void push(node_t * head, int val) {
    node_t * current = head;
    while (current->next != NULL) {
        current = current->next;

    /* now we can add a new variable */
    current->next = malloc(sizeof(node_t));
    current->next->val = val;
    current->next->next = NULL;

The best use cases for linked lists are stacks and queues, which we will now implement:

Adding an item to the beginning of the list (pushing to the list)

To add to the beginning of the list, we will need to do the following:

  1. Create a new item and set its value
  2. Link the new item to point to the head of the list
  3. Set the head of the list to be our new item

This will effectively create a new head to the list with a new value, and keep the rest of the list linked to it.

Since we use a function to do this operation, we want to be able to modify the head variable. To do this, we must pass a pointer to the pointer variable (a double pointer) so we will be able to modify the pointer itself.

void push(node_t ** head, int val) {
    node_t * new_node;
    new_node = malloc(sizeof(node_t));

    new_node->val = val;
    new_node->next = *head;
    *head = new_node;

Removing the first item (popping from the list)

To pop a variable, we will need to reverse this action:

  1. Take the next item that the head points to and save it
  2. Free the head item
  3. Set the head to be the next item that we've stored on the side

Here is the code:

int pop(node_t ** head) {
    int retval = -1;
    node_t * next_node = NULL;

    if (*head == NULL) {
        return -1;

    next_node = (*head)->next;
    retval = (*head)->val;
    *head = next_node;

    return retval;

Removing the last item of the list

Removing the last item from a list is very similar to adding it to the end of the list, but with one big exception - since we have to change one item before the last item, we actually have to look two items ahead and see if the next item is the last one in the list:

int remove_last(node_t * head) {
    int retval = 0;
    /* if there is only one item in the list, remove it */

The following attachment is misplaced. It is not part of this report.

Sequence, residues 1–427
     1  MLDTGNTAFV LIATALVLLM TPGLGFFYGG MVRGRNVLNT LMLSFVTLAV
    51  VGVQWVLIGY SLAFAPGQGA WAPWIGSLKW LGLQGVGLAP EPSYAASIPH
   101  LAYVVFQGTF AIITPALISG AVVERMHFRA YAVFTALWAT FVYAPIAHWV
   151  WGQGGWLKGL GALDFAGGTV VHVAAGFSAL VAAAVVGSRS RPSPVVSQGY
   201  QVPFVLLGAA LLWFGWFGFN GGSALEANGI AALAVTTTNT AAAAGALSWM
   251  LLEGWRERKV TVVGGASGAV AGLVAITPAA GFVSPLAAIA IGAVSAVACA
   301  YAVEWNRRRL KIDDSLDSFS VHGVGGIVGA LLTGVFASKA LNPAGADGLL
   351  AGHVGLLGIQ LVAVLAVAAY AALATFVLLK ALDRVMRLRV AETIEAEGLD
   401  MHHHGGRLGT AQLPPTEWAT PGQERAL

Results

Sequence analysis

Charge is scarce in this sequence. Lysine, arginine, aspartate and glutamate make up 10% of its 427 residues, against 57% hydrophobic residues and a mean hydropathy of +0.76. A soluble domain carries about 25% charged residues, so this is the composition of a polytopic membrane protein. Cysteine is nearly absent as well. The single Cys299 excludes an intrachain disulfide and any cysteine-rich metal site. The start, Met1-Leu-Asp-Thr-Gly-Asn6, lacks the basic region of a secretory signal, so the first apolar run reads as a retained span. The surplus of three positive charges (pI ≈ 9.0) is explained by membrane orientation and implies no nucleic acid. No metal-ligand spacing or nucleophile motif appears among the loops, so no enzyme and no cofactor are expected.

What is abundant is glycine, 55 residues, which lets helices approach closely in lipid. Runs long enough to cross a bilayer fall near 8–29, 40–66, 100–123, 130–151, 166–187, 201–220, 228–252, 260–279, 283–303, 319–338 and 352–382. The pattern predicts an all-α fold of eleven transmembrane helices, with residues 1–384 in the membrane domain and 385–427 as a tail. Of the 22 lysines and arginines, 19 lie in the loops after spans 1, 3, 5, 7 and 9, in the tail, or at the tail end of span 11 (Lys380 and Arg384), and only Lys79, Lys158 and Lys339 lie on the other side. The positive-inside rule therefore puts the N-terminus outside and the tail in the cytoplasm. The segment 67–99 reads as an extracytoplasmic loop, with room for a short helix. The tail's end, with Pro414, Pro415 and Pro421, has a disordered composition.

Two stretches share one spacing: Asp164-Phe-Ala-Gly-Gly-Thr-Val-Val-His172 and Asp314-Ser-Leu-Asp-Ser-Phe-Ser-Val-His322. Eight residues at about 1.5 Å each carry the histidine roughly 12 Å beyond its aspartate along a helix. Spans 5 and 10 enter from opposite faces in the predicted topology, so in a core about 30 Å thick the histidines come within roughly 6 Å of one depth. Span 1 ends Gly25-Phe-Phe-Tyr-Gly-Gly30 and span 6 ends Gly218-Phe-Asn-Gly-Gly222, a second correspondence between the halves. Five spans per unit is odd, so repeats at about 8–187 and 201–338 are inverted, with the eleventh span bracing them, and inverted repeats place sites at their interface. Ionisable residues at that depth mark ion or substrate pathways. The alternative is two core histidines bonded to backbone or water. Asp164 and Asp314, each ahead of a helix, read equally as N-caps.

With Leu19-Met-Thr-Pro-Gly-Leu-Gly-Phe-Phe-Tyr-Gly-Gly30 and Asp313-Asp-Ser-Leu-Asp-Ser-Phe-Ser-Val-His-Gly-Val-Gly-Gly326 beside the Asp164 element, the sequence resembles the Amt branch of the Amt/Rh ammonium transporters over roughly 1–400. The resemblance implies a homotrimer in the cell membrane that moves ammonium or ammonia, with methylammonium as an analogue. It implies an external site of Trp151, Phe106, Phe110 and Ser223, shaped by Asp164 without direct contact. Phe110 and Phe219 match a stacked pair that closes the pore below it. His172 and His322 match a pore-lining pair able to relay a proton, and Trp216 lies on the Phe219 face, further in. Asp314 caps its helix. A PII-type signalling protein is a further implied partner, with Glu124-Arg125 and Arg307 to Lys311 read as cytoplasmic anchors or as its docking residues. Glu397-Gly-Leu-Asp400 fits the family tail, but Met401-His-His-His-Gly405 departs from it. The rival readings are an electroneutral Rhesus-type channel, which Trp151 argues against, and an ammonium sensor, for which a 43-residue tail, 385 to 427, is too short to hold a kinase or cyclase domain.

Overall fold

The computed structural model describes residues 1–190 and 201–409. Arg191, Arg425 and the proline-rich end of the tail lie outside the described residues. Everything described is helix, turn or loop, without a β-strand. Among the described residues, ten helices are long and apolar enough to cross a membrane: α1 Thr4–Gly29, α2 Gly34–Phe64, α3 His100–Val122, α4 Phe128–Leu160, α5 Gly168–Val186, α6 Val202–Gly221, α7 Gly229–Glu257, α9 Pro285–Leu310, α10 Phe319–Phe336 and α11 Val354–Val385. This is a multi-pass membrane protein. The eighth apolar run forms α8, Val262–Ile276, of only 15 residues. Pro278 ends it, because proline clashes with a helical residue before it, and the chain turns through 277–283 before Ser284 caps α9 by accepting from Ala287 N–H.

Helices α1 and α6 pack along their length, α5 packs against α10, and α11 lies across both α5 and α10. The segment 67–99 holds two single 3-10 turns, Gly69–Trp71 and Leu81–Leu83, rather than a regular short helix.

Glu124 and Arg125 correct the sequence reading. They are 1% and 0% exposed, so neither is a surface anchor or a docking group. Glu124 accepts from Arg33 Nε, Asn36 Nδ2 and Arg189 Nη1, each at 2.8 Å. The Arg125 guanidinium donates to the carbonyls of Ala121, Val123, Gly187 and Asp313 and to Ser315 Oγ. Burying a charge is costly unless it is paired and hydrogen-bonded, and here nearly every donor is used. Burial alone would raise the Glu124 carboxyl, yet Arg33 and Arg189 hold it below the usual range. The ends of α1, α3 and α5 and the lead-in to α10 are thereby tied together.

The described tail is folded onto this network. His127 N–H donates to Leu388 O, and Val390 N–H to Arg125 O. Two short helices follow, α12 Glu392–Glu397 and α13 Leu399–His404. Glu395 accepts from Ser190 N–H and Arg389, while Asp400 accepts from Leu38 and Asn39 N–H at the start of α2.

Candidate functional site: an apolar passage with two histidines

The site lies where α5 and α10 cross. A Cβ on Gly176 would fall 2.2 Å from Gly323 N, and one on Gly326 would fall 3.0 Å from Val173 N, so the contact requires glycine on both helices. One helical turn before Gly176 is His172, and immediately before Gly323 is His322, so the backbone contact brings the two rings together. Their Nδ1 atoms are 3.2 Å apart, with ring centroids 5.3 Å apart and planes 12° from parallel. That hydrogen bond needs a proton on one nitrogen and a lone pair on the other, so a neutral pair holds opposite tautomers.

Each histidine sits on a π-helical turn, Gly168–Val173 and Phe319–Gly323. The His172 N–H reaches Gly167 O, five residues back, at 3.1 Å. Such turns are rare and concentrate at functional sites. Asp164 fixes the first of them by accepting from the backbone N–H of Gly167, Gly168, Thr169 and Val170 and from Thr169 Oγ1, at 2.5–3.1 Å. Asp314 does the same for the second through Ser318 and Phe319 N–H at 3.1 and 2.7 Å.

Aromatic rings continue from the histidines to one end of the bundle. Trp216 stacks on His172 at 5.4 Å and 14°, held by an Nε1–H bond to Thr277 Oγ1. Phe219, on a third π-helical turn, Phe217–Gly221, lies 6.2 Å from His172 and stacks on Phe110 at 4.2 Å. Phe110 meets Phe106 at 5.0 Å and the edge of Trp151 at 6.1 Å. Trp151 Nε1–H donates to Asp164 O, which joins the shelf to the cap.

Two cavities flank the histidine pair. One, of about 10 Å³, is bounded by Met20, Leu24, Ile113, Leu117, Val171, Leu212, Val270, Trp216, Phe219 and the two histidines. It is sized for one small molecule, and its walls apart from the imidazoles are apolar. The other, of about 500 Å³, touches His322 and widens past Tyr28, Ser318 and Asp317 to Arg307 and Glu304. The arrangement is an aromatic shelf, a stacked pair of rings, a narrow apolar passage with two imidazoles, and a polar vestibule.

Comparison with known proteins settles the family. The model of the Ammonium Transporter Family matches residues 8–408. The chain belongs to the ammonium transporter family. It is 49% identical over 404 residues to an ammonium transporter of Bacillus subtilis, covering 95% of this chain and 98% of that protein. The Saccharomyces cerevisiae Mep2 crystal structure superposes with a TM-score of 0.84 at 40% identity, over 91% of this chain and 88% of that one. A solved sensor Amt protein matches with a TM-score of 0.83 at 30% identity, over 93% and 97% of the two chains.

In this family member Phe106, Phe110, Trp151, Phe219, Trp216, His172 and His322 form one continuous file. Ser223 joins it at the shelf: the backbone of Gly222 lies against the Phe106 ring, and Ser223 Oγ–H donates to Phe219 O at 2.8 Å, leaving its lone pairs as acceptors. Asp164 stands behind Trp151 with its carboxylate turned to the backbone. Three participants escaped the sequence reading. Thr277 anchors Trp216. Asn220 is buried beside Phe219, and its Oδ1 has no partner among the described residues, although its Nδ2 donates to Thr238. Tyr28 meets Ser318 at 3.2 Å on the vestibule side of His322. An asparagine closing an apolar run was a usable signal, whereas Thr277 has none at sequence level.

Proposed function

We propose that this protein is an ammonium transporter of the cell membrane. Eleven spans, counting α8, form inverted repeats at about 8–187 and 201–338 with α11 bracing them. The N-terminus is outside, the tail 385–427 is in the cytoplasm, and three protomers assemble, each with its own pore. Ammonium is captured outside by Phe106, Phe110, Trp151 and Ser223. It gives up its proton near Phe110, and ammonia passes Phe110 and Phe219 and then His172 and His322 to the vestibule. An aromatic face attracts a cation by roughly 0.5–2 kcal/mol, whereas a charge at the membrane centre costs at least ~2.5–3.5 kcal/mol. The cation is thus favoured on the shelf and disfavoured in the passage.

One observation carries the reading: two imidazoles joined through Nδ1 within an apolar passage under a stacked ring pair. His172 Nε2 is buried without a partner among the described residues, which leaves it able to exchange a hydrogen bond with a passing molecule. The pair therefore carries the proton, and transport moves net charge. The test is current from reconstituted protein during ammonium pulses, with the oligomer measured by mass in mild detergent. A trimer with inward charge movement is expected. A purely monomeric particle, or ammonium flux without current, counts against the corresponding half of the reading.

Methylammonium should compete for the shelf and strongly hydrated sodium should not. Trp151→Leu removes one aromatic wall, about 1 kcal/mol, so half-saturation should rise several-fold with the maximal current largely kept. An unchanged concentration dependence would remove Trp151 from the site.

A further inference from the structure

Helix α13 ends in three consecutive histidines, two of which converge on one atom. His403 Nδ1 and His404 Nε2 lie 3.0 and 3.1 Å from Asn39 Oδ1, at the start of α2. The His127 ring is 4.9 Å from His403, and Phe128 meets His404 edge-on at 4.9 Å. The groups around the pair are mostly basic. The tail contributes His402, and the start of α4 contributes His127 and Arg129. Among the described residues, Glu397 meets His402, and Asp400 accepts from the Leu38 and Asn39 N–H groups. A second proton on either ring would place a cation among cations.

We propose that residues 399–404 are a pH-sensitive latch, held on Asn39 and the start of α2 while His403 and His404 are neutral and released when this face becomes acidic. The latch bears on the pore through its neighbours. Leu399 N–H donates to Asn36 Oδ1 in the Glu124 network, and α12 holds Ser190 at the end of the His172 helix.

if (head->next == NULL) {
        retval = head->val;
        return retval;

    /* get to the last node in the list */
    node_t * current = head;
    while (current->next->next != NULL) {
        current = current->next;

    /* now current points to the last item of the list, so let's remove current->next */
    retval = current->next->val;
    current->next = NULL;
    return retval;


Removing a specific item

To remove a specific item from the list, either by its index from the beginning of the list or by its value, we will need to go over all the items, continuously looking ahead to find out if we've reached the node before the item we wish to remove. This is because we need to change the location to where the previous node points to as well.

Here is the algorithm:

  1. Iterate to the node before the node we wish to delete
  2. Save the node we wish to delete in a temporary pointer
  3. Set the previous node's next pointer to point to the node after the node we wish to delete
  4. Delete the node using the temporary pointer

There are a few edge cases we need to take care of, so make sure you understand the code.

int remove_by_index(node_t ** head, int n) {
    int i = 0;
    int retval = -1;
    node_t * current = *head;
    node_t * temp_node = NULL;

    if (n == 0) {
        return pop(head);

    for (int i = 0; i < n-1; i++) {
        if (current->next == NULL) {
            return -1;
        current = current->next;

    temp_node = current->next;
    retval = temp_node->val;
    current->next = temp_node->next;

    return retval;



You must implement the function remove_by_value which receives a double pointer to the head and removes the first item in the list which has the value val.